After a short flight and a long bus ride, I arrived in Vigan, hot and dry, stepping off the bus I reached into my pocket for my Chapstick (probably laboratory tested on animals) and applied it to my parched lips. Wearing my leather flip flops, (made from genuine cowhide), I set off to find my holel. Along the historic cobblestone streets of this UNESCO World Heritage City, I passed vendors selling the Philippine’s famous balut (boiled egg with embryonic chick inside) and restaurants selling Vigan’s famous Longanisa sausage, (a delicious concoction of all things carnivorous). It appeared, at least at first glance that there were few Vegans here in Vigan. Like I said….what a difference one letter can make. Now, let me go on record as saying that I have nothing against Vegans, or vegetarians for that matter, and I do spend quite a lot of time in parts of India where meat is difficult to come by. Although I enjoy a nice vegetarian curry dish now and then, when it comes down to my eating preferences, I do prefer a 100% beef burger over a McVeggie or a tofu sandwich any day. For example, tonight, I stopped for some street BBQ, it was delicious!

After checking into my hotel I set out for a quick twilight shoot of the historic district of Vigan, the heart of which is Calle Crisologo, with it’s crumbling Spanish architecture. Vigan kind of reminds me of Havana, but without all the music, nightlife and partying!

All around the historic heart of Vigan, horse drawn carriages were plying the streets past shops selling antiques and handicrafts. There were even a few shops selling cigars made from local tobacco and Vigan’s own mango wine.

Today I did a thorough exploration of the town and discovered some photo locations, including a weaving cooperative and a pottery factory.

Last Day in Manila

•May 21, 2010 • 4 Comments

It’s been an amazing three and a half days in Manila and I think that there will be plenty of options, if we decide to run a tour here. Between the bustling markets, the street scenes and all the photo-friendly folks, Manila has much to offer for photography.  Here are a few “parting shots” from Manila. Tomorrow I head up-country to Laoag and Vigan. I’m told that the Vigan lives up to its reputation of being the most well preserved Spanish Colonial town in the Asia. UNESCO lists it as a World Heritage site, so it’s probably going to be excellent.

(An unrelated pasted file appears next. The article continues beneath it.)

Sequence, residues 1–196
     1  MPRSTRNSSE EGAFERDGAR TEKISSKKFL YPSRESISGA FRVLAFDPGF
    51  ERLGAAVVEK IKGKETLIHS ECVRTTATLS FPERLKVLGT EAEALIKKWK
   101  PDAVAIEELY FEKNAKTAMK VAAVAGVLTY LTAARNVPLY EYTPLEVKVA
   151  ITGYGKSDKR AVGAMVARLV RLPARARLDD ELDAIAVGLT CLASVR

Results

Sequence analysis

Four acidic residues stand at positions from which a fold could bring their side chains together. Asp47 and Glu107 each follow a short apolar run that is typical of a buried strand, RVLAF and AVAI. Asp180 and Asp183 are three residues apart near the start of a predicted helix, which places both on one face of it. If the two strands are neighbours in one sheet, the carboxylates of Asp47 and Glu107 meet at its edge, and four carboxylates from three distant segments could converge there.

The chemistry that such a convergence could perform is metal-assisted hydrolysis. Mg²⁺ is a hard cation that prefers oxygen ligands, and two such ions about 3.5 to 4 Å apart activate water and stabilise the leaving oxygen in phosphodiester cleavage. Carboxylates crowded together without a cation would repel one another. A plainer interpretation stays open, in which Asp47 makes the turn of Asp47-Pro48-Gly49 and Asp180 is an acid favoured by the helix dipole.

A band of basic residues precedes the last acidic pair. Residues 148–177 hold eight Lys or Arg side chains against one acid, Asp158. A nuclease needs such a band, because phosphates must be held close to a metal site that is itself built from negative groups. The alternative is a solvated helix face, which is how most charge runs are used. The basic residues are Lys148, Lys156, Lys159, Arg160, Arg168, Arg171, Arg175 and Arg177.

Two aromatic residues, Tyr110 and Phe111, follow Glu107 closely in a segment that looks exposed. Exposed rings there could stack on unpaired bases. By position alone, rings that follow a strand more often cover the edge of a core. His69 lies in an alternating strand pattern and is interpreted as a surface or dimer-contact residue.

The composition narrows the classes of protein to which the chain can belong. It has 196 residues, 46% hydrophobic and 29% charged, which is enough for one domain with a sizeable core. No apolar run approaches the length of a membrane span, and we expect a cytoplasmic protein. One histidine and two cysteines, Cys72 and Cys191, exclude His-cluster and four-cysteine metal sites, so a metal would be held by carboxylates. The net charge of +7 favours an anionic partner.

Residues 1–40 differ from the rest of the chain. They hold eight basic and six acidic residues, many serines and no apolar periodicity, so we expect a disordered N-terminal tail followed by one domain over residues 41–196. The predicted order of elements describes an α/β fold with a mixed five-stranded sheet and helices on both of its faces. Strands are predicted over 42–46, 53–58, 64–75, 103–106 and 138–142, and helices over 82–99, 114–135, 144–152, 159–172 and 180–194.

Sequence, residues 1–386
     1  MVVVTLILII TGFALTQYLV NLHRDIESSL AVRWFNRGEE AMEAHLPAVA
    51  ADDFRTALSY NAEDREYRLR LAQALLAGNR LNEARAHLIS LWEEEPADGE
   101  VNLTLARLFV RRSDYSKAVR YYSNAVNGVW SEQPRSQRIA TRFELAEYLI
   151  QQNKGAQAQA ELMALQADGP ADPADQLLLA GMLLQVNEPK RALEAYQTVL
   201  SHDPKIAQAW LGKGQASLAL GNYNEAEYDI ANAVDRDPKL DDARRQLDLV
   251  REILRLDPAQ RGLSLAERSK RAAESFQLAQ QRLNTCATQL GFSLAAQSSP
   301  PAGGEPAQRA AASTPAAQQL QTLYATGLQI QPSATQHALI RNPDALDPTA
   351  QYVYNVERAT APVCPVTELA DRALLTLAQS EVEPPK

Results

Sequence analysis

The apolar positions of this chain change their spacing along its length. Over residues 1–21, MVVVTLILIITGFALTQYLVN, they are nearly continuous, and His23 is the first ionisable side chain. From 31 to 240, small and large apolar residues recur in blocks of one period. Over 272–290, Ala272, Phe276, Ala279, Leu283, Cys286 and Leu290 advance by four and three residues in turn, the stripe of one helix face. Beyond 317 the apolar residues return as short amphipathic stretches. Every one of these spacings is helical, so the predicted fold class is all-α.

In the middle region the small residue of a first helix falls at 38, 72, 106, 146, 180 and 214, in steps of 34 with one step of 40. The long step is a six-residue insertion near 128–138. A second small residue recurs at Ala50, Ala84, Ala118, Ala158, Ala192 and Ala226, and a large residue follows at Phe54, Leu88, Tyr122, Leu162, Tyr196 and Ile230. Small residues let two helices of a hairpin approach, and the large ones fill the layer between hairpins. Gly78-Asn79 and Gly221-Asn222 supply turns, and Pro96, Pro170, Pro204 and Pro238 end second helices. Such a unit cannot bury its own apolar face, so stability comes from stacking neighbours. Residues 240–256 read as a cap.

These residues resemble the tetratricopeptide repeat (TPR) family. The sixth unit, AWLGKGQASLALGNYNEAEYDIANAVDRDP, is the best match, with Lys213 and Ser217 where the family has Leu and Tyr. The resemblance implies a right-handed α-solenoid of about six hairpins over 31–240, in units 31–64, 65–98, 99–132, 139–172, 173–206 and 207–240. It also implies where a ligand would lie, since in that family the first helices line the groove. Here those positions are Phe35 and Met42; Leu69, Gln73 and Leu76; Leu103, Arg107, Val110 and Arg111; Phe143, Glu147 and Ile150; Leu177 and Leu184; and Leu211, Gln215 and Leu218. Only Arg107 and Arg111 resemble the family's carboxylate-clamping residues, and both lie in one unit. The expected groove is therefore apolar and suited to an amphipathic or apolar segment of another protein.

Water front promenade, Manila Bay, Ermita.
Jeepnies plying the streets at sundown.
Motorcycles in front of old door, on Mibini Street
Man with shopping  bag, waterfront, Manila Bay
Child scavenging through flotsam and jetsam on the beach, Manila Bay
Sunset over the guard tower, United States Embassy, at Manila Bay, Ermita, Manila.

Manila Day 3

•May 20, 2010 • 4 Comments

Yesterday was spent mostly in traffic, commuting around Manila meeting with travel agencies and checking out a photography gallery in Makati.  Despite all that time sitting in taxis and jeepnies, I couldn’t help but take a few snaps along the way.

Manila Coke Sign

Manila Coke Man

CocaCola logos can be found in all the remote places on the planet, and they are a great backdrop for photos. Whenever I see a Coke logo with someone or something interesting in front of it I grab a few shots.

This guy saw me walking along, and lit up with a great smile and a thumbs up, I quickly raised the camera and snapped off two frames.

I share the four shot sequence above to point out the importance of staying with a subject long enough to capture the unfolding emotions or expressions. I often shoot sequences like this for my NGO clients, so that when they put together a piece, they are able to use the image that fits best. Moral of the story…stay with it, don’t put the camera down and start chimping until the action is over! My favorite is frame number three, what’s yours?

Cheers,

Karl

Manila: a lot more here than envelopes and file folders… (bad pun)

•May 19, 2010 • 10 Comments

Day two in Manila and there is so much here, I would put it on a parallel with Bangkok in terms of photo opportunities.

Red Santos and I started out by exploring and shooting around the railroad tracks in Manila, about 40 minutes away from the Ermita area, where I am staying. Just getting to a destination in Manila, provides plenty of visual stimulation. Jeepnies are a favorite of mine, with their color and adornments!